We learn about the lives of 4 girls living in Riyadh, the real story. Women in Saudi Arabia are often seen as oppressed under the strict Islamic Law imposed, however through these memoirs we are opened up to a world, a secret world that, is not seen other that by those living in it. We see the world of boys, University, marriage, divorce – all common features of any young woman around the world, yet have such a different impact on these girls, not only based on their religion but the cultural boundaries and systems imposed on them. The book was written in third person, a format that does not particularly appeal to me, due to the way in which it inhibits getting into a persons head and the way in which you sympathise with a characters. However, this book is a way in which we can understand a culture, which is often seen as very closed to the outside world, and observe a the ways in which they deal with universal feelings such as love, and situations like divorce.

"Just say yes more."

"Yes Man"
By Danny Wallace

“Danny Wallace had been saying No. Far too much. No to his friends, colleagues, no to the pub and no to himself. And life was a little dull. Dumped by his girlfriend and on a road to nowhere, it was only when a mystery man on a late-night bus uttered three magic words that his whole worlds started to change… ‘Say yes more’”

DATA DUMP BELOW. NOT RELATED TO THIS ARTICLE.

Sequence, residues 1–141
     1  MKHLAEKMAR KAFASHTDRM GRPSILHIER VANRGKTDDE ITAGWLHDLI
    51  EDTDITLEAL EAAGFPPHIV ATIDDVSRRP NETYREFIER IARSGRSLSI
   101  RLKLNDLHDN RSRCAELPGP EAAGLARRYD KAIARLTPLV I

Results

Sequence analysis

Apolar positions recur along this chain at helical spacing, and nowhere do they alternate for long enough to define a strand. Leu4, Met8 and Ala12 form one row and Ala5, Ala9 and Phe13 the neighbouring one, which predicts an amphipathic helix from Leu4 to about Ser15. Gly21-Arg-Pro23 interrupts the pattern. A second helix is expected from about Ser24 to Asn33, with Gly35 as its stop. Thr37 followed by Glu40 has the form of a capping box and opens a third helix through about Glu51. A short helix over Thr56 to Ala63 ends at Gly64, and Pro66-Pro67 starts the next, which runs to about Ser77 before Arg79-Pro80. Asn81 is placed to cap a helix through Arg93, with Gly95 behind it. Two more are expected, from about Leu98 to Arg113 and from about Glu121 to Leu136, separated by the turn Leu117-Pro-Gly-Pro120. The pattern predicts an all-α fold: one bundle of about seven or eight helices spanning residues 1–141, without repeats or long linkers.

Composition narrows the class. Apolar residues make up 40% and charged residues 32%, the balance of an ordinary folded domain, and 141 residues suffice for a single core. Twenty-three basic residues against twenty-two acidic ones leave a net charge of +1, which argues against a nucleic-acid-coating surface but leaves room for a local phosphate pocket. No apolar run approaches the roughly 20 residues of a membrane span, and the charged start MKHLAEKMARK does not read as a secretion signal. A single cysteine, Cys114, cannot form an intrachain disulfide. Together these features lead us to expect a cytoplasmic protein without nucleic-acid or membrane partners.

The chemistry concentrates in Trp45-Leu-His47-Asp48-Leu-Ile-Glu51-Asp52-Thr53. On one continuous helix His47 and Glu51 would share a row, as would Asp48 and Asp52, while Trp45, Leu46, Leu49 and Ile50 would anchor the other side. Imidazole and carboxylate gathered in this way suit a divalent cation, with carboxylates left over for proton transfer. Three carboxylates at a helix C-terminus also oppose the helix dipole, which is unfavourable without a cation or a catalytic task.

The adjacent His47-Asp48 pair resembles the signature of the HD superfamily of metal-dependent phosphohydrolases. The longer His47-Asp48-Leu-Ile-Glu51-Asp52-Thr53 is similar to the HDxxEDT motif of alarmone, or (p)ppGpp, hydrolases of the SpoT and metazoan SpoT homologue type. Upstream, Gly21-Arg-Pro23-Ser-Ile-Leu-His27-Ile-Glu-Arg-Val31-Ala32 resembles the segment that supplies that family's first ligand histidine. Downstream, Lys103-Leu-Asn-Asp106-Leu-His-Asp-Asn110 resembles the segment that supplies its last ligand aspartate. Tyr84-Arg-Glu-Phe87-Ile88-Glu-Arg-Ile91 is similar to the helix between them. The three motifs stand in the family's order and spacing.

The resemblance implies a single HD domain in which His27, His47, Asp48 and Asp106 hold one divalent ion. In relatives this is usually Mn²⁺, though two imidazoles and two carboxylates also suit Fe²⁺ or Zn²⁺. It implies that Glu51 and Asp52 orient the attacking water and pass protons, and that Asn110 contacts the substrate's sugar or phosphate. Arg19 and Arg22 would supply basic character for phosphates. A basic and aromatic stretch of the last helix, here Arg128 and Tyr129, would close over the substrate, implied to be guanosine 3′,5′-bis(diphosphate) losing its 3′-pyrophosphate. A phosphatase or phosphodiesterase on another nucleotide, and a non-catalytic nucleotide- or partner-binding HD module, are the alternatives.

I was recommended this book, and couldn’t help but be intrigued by the story of a man who said literally just said ‘yes’, to every single invitation, offer or demand posed in front of him. It certainly is one of my favourite books, sounding like a complete cliché when I admit is was without a doubt ‘laugh out loud funny’ and I just couldn’t put the book down. Danny takes us through the four, very long months and tells us about the crazy trails and tribulations he faced when you just say ‘yes’.

“In the months that followed, he won £25,000. He met Buddhist Monks, alien obsessives and the world’s only hypnotic dog. He became a Minister, and inventor, a minor television personality and an accidental peace activist. He ended up in Singapore, in Amsterdam and in a small mining town in South Wales. He lost £25,000.”

Hilariously written, you can almost hear him telling you the story – right from the horse’s mouth, allowing the happy, sad and most cringeful moments seem even more real. Even though Danny’s journey was ridiculously funny and really quite amazing, there was a bigger message he intended to spread, and that was the power of saying ‘yes’. Danny went from a single, lonely and negative person to a spontaneous, positive (most of the time…) and ultimately a happier person, and thus is living proof that his theory works. Overall the moral of the story is, in the most simplest terms, that everyone should just take a chance, say yes to something they usually would say no to and just see where it takes you. Whether it be winning £25,000 on a scratch card or saying yes to reading a new book that without a doubt brightened up a few slow days in your summer holidays and giving you a more that worthy topic to write about on your online blog … anything can happen when you just say, yes.

Dancing with the Devil

I just thought I'd mention this piece of Album Artwork I have always loved. I actually got this piece of art on a postcard from our student Union, only later to find out it was an album cover. The musical artist is Ray Lamontagne, as folk singer in America. I love the clever illustrative use of the popular phrase "dancing with the devil", in other words doings something you really shouldn't be doing, thus strengthening the idea of Trouble, the name of the album.

Monday, 10 September 2007

A Universal Masterpiece

"Life is Colourful"
By Gracie Rafferty